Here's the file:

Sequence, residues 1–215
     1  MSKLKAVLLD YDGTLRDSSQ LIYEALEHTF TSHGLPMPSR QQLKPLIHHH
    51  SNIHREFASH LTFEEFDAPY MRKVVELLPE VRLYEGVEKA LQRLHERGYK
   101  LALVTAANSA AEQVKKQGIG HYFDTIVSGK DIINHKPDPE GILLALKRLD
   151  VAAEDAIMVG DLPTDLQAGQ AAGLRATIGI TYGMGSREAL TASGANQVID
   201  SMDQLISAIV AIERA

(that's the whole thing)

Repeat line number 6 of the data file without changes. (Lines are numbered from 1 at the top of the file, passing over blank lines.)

   201  SMDQLISAIV AIERA